Spring takes early fling at wineries
By Dave Buchanan
Saturday and part of Sunday were spent traipsing around the sixth annual "Barrel into Spring" wine tasting sponsored by the eight member wineries in the Grand Valley Winery Association.
This year the event again has a second two weekends, with the next coming May 17-18. There might still be tickets ($65 each), call Two Rivers Winery at 255-1471. The event usually sells out, it's capped at 380 attendees to keep numbers manageable for the sometimes cramped quarters where winemakers are doling out wine and information.
Last year, on what was almost a last-minute whim, the GVWA decided to add a second weekend to appease the long waiting list. Even without much advertising the event still drew close to 100 guests, said Davy Price, who along with husband Bennett owns and operates DeBeque Canyon Winery
"We didn't want to lose those people and decided to have a second weekend," said Davy Price. "And I'm glad we did. This year, we've had a lot of interest in both weekends."
The first weekend nearly sold out and it's likely the second will come close, too. Saturday was a bit chilly early on, as an east wind, feeling as if it were blowing right off the snowfields on Grand Mesa, whipped the tents at Carlson's Vineyards
. But Sunday was near perfect, with little wind, lots of sun and blossoms everywhere you looked.
Except in the orchards. It's been a late spring as far as grape buds are concerned, but that's good from a winemakers standpoint since a late bud break protects the fruit from frost.
"This year is going to be huge," promised Doug Phillips of Plum Creek Cellars
. "We had a mild winter and as long as don't get a late frost, we're going to harvest a lot of grapes this year."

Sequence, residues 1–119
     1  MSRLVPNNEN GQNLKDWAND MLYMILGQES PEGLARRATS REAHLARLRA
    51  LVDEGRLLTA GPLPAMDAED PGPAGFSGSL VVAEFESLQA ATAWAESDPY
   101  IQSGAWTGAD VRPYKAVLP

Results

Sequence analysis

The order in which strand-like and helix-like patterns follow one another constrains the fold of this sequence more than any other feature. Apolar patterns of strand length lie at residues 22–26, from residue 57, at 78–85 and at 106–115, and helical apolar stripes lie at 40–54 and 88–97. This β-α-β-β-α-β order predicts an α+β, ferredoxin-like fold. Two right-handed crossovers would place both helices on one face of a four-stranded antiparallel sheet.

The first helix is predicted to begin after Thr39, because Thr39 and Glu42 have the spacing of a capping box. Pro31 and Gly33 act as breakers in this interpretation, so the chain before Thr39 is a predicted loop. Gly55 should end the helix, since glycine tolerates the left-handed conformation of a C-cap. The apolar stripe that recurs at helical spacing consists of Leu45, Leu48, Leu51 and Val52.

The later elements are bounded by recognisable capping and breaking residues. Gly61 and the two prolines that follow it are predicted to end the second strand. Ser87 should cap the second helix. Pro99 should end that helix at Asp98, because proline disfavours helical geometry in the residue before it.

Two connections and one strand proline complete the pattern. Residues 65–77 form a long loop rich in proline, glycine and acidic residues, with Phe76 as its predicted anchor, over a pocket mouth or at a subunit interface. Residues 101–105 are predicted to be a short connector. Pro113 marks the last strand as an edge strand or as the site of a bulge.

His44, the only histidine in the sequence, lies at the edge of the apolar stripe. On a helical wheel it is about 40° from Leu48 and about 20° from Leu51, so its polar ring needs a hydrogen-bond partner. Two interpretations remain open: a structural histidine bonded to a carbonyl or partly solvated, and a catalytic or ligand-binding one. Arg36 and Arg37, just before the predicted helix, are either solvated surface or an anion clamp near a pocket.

Inside his recently expanded facility, which includes 500-pound white oak doors made from 200-year old lumber, winery worker Paula Butler was using a glass thief to offer samples of a new 2007 cabernet sauvignon
that showed marvelously, something you can't always say about wines still in the barrel.
The wine, still four months or so from bottling, was bright and fresh with soft tannins and full of blackberry and dark fruits, a lovely wine and one of my two favorites from the weekend.
"I'm getting some new barrels and I want to put the cab into that new oak for just a short time, like maybe only a month or so," said winemaker Jenne Baldwin-Eaton. "That will give it some other nuances without overpowering the fruit."
This is a cabernet sauvignon to save and serve, and at an estimated $17 a bottle I'll be among the first in line when it's released next fall.
The other "Barrel into Spring" participating wineries include Canyon Wind Cellars, Garfield Estates Winery, Grande River Vineyards, Graystone Vineyards and Two Rivers Winery.
I'll get to my weekend's other favorite next post.
**Plum Creek Cellars winemaker Jenne Baldwin-Eaton conducts a taste test during Saturday's "Barrel into Spring" event.